The Act addresses the need for data protection amid the rise of technology and cross-border data flows. While implementation details require clarification, the Act reflects India’s unique approach to data protection, which differs from the European Union’s GDPR. It signals a significant shift for Indian businesses regarding privacy and data protection practices and legitimizes government control over citizen data.

frequently asked questions

What is India’s 2023 Data Protection Act?

India’s 2023 Data Protection Act, officially known as the Digital Personal Data Protection Act, is a comprehensive framework aimed at protecting and regulating the processing of personal data in the country. The Act sets guidelines for how personal data should be collected, used, shared, and protected by various entities, both within and outside India.

When was the Act introduced and passed?

The Act was introduced in the Lok Sabha on August 3, 2023. It was subsequently passed by the Lok Sabha on August 7, 2023, and then unanimously by the Rajya Sabha on August 9, 2023. The Act received Presidential assent on August 11, 2023.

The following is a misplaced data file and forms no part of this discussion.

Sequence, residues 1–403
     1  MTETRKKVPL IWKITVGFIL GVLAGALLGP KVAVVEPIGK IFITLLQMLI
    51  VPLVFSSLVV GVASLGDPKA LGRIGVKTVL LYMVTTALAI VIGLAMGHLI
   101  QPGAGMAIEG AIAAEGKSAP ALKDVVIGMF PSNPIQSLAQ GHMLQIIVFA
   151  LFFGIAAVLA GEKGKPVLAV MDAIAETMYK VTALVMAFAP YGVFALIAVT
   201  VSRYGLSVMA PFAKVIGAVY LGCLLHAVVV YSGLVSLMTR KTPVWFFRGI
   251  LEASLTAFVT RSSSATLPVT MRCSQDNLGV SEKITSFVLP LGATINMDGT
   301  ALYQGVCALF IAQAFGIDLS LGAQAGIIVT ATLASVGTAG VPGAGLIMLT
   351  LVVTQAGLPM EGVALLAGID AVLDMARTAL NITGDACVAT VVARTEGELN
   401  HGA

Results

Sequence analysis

What prompted the creation of this Act?

The Act was developed in response to concerns regarding data protection, privacy, and the need for a legal framework in line with the Supreme Court’s recognition of the right to privacy as a fundamental right (F.R) in the Justice K.S. Puttaswamy vs. Union of India case in 2017.

What is the primary objective of the Act?

The main goal of the Act is to establish a comprehensive framework for the protection and processing of personal data. It aims to balance the rights of individuals to protect their personal data with the need for lawful data processing.

How does the Act define “Personal Data”?

Personal Data, as defined in the Act, refers to any data about an individual (Data Principal) that can identify or relate to that individual. This includes information such as facts, opinions, concepts, or instructions that can be processed by humans or automated means.